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Published Online: 2 January 2012

Local Tissue Geometry Determines Contractile Force Generation of Engineered Muscle Networks

Publication: Tissue Engineering Part A
Volume 18, Issue Number 9-10

Abstract

The field of skeletal muscle tissue engineering is currently hampered by the lack of methods to form large muscle constructs composed of dense, aligned, and mature myofibers and limited understanding of structure-function relationships in developing muscle tissues. In our previous studies, engineered muscle sheets with elliptical pores (“muscle networks”) were fabricated by casting cells and fibrin gel inside elastomeric tissue molds with staggered hexagonal posts. In these networks, alignment of cells around the elliptical pores followed the local distribution of tissue strains that were generated by cell-mediated compaction of fibrin gel against the hexagonal posts. The goal of this study was to assess how systematic variations in pore elongation affect the morphology and contractile function of muscle networks. We found that in muscle networks with more elongated pores the force production of individual myofibers was not altered, but the myofiber alignment and efficiency of myofiber formation were significantly increased yielding an increase in the total contractile force despite a decrease in the total tissue volume. Beyond a certain pore length, increase in generated contractile force was mainly contributed by more efficient myofiber formation rather than enhanced myofiber alignment. Collectively, these studies show that changes in local tissue geometry can exert both direct structural and indirect myogenic effects on the functional output of engineered muscle. Different hydrogel formulations and pore geometries will be explored in the future to further augment contractile function of engineered muscle networks and promote their use for basic structure-function studies in vitro and, eventually, for efficient muscle repair in vivo.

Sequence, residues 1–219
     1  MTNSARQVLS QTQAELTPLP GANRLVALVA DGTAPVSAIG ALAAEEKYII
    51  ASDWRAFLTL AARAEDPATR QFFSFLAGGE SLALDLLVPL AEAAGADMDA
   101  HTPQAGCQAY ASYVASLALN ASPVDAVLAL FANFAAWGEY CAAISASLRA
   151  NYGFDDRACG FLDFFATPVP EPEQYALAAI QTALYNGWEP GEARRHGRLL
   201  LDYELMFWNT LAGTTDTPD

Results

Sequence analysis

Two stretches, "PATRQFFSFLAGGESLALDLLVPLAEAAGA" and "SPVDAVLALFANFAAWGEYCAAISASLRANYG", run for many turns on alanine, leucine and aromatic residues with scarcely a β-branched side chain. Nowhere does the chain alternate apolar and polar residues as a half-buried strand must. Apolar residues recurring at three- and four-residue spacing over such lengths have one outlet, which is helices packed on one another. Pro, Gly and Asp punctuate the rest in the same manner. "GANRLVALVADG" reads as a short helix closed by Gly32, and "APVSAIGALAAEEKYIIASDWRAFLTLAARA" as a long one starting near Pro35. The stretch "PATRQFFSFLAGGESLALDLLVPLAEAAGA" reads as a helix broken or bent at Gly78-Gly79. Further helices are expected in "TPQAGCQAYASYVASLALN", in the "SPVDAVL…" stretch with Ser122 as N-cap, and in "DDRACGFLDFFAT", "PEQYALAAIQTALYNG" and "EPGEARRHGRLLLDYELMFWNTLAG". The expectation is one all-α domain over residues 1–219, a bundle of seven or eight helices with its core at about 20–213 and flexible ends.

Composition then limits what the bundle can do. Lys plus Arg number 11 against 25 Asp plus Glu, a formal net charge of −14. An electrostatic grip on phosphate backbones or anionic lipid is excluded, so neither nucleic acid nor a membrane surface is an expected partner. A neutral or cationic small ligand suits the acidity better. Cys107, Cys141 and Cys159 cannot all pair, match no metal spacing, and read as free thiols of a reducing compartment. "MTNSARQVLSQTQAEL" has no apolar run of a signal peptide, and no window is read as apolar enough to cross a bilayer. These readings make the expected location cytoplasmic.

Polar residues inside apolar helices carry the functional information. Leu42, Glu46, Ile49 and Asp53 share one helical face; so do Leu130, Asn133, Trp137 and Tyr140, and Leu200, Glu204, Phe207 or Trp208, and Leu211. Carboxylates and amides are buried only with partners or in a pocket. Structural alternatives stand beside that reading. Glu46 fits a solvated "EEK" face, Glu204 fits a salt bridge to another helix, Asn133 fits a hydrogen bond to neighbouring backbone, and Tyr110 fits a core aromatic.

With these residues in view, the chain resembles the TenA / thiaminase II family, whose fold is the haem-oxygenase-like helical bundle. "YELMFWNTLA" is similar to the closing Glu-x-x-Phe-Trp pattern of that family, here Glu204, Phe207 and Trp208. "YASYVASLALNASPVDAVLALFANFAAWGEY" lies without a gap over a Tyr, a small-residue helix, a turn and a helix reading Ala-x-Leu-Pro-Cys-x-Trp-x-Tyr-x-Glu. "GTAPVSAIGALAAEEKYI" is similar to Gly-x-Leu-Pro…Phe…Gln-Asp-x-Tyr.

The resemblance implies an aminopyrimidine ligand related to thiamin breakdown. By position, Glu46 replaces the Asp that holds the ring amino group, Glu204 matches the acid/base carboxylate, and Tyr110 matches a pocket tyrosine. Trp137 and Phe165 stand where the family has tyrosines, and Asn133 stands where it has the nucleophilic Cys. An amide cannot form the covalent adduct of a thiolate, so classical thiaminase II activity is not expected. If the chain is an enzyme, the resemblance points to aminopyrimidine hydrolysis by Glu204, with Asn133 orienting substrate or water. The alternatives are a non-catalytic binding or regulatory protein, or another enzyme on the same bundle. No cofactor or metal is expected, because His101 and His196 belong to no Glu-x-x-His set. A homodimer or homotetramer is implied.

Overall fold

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Information & Authors

Information

Published In

cover image Tissue Engineering Part A
Tissue Engineering Part A
Volume 18Issue Number 9-10May 2012
Pages: 957 - 967
PubMed: 22115339

History

Published in print: May 2012
Published ahead of print: 4 January 2012
Published online: 2 January 2012
Published ahead of production: 24 November 2011
Accepted: 23 November 2011
Received: 30 May 2011

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Weining Bian
Department of Anesthesia and Medicine and Cardiovascular Division, Brigham and Women's Hospital, Harvard Medical School, Boston, Massachusetts.
Mark Juhas
Department of Biomedical Engineering, Duke University, Durham, North Carolina.
Terry W. Pfeiler
Department of Biomedical Engineering, Duke University, Durham, North Carolina.
Nenad Bursac
Department of Biomedical Engineering, Duke University, Durham, North Carolina.

Notes

Work was performed in Department of Biomedical Engineering at Duke University during Weining's Ph.D. study.
Address correspondence to:Nenad Bursac, Ph.D.Department of Biomedical EngineeringDuke University3000 Science Dr, Hudson Hall 136Durham, NC, 27708E-mail: [email protected]

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No competing financial interests exist.

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